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Journal of World History 13.2 (2002) 495-497

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Book Review

The First European Revolution, c. 970-1215

The First European Revolution, c. 970-1215. By R. I. MOORE. Oxford: Blackwell, 2000. Pp. xviii + 237. $27.95 (paper).

It will soon be fifty years since the publication of Sir Richard Southern's The Making of the Middle Ages in 1953. In that work, which is characterized by R. I. Moore in the volume here under review as "one of the most influential books ever written on the European Middle Ages," Southern spelled out the importance of the period he had chosen to treat, a period marked out by the symbolic boundary years of 972 and 1204: "For a thousand years Europe has been the chief center of political experiment, economic expansion and intellectual discovery in the world. It gained this position during the period with which we are concerned. . . ." He spoke of "the secret revolution of these centuries" and of "the new social order" that was its product.

Moore's book, which has almost exactly the same chronological parameters as Southern's, shares the view that the period from the late [End Page 495] tenth to the late twelfth century witnessed, in western Europe, a transformation so complete and so momentous that it can be seen as a turning point in world history (even if a "point" over 200 years long). He is, indeed, even more insistent. Those years saw the "construction of a new civilization" and from that time on western Europeans were to exhibit the "restless dynamism" that has distinguished them from the members of other civilizations—Byzantium, Islam, China. This is a "central fact not only of European but of modern world history."

What are the components of "the first European revolution"? Some concern the general economic developments of the period: population increase, easily matched by extension of cereal cultivation, so that there were centuries of "sustained increase in the real income per head," along with rapid urbanization, representing "a new world and a new way of life." Others belong to that family of developments labeled by some historians "the feudal revolution" or "la mutation féodale": the rise, around the year 1000, of ruthless castle-based lords who fractured and seized public institutions, subordinated the rural population, and by streamlining their family structures created new patrilineal dynasties to enjoy the benefits of this new seigniorial power. Then there are the innovations of the eleventh century in religious and ecclesiastical life: the Peace of God movement (here given the interpretative centrality which has become customary in the last few decades), popular heresy (a subject on which Moore is a noted expert), and "Reform," the attempt to disentangle the Church from the lay world, notably by the enforcement of clerical celibacy.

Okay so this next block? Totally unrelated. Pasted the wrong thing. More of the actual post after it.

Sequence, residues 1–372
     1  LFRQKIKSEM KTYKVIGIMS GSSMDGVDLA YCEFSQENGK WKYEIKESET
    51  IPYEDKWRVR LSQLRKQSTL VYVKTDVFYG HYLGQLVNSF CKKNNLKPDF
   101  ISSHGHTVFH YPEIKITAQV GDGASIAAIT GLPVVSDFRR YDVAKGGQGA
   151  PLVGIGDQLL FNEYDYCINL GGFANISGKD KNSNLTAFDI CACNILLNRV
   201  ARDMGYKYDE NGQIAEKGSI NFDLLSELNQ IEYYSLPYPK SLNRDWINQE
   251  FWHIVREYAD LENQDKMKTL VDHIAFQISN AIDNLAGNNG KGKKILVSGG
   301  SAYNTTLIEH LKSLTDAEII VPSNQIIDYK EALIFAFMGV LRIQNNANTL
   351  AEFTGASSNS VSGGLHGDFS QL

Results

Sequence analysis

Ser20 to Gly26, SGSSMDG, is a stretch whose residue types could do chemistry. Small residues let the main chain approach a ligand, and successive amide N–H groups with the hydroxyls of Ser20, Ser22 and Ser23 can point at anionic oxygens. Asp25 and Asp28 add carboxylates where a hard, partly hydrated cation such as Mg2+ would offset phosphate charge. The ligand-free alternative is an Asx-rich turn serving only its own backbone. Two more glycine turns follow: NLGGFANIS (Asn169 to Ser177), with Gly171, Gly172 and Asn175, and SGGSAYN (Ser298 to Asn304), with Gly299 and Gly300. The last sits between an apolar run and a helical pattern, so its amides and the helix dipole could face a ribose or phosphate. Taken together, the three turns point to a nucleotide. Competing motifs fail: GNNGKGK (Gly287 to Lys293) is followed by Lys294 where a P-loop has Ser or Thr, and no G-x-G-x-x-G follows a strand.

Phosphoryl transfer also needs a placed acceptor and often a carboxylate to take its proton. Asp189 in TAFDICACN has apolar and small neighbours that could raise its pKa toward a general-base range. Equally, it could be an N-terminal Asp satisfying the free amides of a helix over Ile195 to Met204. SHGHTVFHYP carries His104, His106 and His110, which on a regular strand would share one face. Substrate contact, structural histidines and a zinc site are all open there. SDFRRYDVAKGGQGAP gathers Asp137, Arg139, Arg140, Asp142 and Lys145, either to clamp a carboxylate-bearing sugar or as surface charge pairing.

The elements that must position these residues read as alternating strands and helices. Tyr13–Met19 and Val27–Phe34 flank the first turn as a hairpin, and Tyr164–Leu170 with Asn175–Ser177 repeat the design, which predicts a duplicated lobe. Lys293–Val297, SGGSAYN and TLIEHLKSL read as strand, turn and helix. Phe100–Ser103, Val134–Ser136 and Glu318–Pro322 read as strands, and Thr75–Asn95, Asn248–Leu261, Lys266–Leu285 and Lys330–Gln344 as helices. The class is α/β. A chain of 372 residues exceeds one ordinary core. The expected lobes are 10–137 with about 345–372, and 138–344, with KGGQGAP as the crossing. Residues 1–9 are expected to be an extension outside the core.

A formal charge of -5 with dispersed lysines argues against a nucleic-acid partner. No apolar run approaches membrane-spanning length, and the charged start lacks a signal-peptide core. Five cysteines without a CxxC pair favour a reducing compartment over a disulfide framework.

At least that is Act One. In Act Two we move to the twelfth century, where rather different forces are at work: central political power is re-established, as we witness a major instance of "the transition from decentralized . . . societies that we call state formation"; simultaneously there is "the creation of a new sort" who would construct the complex intellectual architecture of scholasticism as well as staff the new bureaucracies; insistent on rigid definitions and fiercely tenacious in their hold on power, the clerks and rulers they served went on to exclude, demonize, and attempt to destroy those they labeled deviant: Jews, heretics, lepers (Moore here recaps the theories of his The Formation of a Persecuting Society of 1987).

Many of the subplots in this drama are uncontroversial: few would doubt the assertion that the European population was growing in the eleventh and twelfth centuries. Other elements are more debatable: not everyone would agree that increases in productivity meant that this growing population enjoyed a "sustained increase in real income." [End Page 496] Finally, there is the issue of what weight to give each element in the story and the exact role it plays: Is population growth a genial piece of background lighting, perhaps a long-term feature of Europe prior to the Black Death, or is...


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